Integrated circuits, Microcontrollers, Telecomunications

SPI communication protocol

The SPI, an abbreviation of Serial Peripherical Interface, is another communication protocol used in microcontrollers and peripherical.

How SPI works?

Motorola implemented this standard for the first time in 1970. Just like I2C, it’s a synchronous serial communication protocol. In this communication method, transmitting and receiving devices must have their clock signals synchronized, i.e., must change bits at the same time. A solution is to send the transmitter’s clock signal to receivers.

data transmission on SPI
On SPI, data are continually transmitted. Without the necessity of bits to indicate beginning and end of a message. Source:

SPI operates in full-duplex mode, i.e., both sides of communication can exchange information between themselves at the same time.

interface between chip and output pin on SPI
On interface between the integrated circuit and output terminal, 2 MOSFETs determine if pin’s signal will be 1 level (“HIGH”, on the left) or 0 (“LOW”, on the right). Source: Open4Tech.
A pulse curve on push-pull configuration, used by SPI. In comparison with pull-up or open drain configuration, present on I2C protocol. Source: embarcados.

Serial and parallel interface

series and parallel transmission
In a serial interface communication, as in SPI case, bits are transmitted one at a time for each clock pulse. The advantage is that requires less space. In a parallel interface, many bits can be transmitted at same time. The speed is higher, but each bit needs a physical channel for transmission. Source: Adafruit.
shift register for SPI
Master and slave must have an 8-bit shift register for communication. Source:

The SPI bus

The communication interface SPI requires 4 wires between master (sends commands) and slave (receives commands).

  • SCLK: serial clock signal. Both must have the same signal because this interface is synchronous.
  • MOSI (Master Output Slave Input): communication channel for the master or controller to send data to the slave or peripheral.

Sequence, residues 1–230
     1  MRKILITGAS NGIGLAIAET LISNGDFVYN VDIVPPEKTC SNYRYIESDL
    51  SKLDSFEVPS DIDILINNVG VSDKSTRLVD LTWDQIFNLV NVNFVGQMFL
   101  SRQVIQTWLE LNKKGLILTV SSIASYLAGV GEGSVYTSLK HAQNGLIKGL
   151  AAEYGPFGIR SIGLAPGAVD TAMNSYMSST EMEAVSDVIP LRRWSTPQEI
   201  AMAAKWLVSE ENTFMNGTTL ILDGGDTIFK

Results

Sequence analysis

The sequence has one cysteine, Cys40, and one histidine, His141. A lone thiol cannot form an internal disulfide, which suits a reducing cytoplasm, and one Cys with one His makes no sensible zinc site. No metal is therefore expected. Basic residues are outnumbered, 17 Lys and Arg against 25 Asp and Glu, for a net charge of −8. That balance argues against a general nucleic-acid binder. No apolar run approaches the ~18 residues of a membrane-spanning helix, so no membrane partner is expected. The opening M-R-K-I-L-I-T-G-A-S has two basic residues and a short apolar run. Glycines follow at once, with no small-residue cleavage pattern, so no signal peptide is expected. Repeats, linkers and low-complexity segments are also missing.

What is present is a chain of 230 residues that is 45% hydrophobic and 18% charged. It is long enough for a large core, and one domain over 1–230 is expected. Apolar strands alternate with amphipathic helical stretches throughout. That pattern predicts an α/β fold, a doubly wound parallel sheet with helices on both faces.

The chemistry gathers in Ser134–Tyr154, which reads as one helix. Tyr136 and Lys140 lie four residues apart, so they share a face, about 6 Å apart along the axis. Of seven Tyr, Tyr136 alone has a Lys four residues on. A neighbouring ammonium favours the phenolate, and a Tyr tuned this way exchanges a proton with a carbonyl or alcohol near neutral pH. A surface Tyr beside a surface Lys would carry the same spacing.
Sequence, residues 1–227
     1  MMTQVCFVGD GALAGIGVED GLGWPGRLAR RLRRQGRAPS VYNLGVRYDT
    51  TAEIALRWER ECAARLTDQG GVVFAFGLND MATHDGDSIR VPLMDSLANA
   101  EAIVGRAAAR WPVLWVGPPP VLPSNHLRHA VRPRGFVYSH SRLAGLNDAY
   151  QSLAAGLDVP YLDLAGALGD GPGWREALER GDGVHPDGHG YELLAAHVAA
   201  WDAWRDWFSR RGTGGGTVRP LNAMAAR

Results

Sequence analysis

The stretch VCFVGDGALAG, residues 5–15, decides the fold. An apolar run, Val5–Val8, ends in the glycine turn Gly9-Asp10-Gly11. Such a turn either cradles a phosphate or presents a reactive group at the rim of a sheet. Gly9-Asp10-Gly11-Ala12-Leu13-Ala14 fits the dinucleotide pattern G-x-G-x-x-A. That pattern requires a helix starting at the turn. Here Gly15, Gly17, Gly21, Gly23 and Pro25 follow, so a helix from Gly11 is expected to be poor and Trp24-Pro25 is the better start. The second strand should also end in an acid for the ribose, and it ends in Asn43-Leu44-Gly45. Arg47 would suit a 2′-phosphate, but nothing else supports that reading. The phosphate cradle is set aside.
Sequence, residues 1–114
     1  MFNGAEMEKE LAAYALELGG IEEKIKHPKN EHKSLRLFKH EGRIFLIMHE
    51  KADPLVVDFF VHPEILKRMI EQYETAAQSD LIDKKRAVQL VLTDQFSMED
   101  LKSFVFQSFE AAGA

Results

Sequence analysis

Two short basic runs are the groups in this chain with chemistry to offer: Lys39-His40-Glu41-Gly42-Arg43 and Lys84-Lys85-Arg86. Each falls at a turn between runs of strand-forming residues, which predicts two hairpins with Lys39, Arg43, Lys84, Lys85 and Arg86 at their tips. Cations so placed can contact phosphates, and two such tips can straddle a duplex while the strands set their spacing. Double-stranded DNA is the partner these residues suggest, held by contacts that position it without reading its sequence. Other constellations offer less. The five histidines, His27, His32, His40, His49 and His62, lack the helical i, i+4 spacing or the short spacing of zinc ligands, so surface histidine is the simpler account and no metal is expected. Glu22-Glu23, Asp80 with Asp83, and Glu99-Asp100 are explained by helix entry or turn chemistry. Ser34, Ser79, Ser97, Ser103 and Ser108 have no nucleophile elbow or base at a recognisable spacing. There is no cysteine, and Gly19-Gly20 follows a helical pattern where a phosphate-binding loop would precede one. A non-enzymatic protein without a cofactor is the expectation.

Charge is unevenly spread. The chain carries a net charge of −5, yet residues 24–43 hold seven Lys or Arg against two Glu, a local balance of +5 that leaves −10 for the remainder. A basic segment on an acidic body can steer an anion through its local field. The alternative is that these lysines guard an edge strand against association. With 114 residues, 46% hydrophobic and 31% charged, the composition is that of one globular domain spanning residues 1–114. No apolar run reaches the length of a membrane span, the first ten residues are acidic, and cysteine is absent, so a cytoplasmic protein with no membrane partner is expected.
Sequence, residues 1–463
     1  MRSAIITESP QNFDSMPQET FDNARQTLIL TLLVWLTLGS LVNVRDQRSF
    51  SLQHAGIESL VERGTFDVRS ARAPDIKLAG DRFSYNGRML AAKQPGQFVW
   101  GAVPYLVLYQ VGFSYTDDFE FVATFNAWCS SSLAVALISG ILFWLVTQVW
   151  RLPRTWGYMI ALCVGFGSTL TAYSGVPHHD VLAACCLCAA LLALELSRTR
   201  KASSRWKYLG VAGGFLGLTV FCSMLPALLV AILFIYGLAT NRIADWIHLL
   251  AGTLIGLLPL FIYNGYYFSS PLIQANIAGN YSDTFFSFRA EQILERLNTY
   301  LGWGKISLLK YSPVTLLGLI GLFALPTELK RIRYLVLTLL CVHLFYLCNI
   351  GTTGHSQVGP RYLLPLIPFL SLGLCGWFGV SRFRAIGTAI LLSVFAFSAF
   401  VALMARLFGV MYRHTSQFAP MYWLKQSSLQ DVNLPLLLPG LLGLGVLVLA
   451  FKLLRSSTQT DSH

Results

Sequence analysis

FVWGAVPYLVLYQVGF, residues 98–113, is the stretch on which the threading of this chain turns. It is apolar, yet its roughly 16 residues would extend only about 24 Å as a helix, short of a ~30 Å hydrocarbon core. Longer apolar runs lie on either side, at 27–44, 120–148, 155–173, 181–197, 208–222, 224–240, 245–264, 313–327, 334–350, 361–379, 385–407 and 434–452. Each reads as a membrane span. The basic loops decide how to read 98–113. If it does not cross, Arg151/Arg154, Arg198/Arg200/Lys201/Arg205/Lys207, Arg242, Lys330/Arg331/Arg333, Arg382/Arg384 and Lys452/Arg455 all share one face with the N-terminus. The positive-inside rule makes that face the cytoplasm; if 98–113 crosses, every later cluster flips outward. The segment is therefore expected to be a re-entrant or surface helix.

• MISO (Master Input Slave Output): channel to peripheral send data to controller.
  • SS or CS (Slave/Chip Select): master must send a signal on the “LOW” level to communicate with a receiver. Won’t have exchange information if its on “HIGH” level or 1.
Source: Circuits Basics.
SPI communication bus with a master and many slaves.
To connect with more than a peripheral, the controller must have more than a single CS pin. Source: ITP Physical Computing.

Clock parameters

It’s possible to adjust two parameters on the clock channel to configure SPI bus: polarity and phase. Clock polarity (CPOL) determines if clock’s idle state will be “1” or “0”. While clock phase (CPHA), determines if data sampling is done on clock rise or clock descend, this parameter also depends on polarity.

SPI clock parameters.
The four adjustment modes of clock parameters. Source: StackExchange.
SPI sampling.
Example of SPI data sampling. Source: Stack Exchange.

Advantages and disadvantages in relation to I2C

The advantages of SPI are:

  • It doesn’t need addressing bits, making transmission simpler.
  • Higher transmission rate than I2C.
  • Two-way communication (full-duplex). While I2C is half-duplex, it’s two-way also, but the information flux in a direction has to wait until the transmission in the opposite direction ends.
  • Has lower power consumption.

The disadvantages:

  • This interface requires 4 wires for each peripheral, while I2C only needs two.
  • Only one master is viable.
  • There’s no error connection.
  • There’s no verification of data reception.
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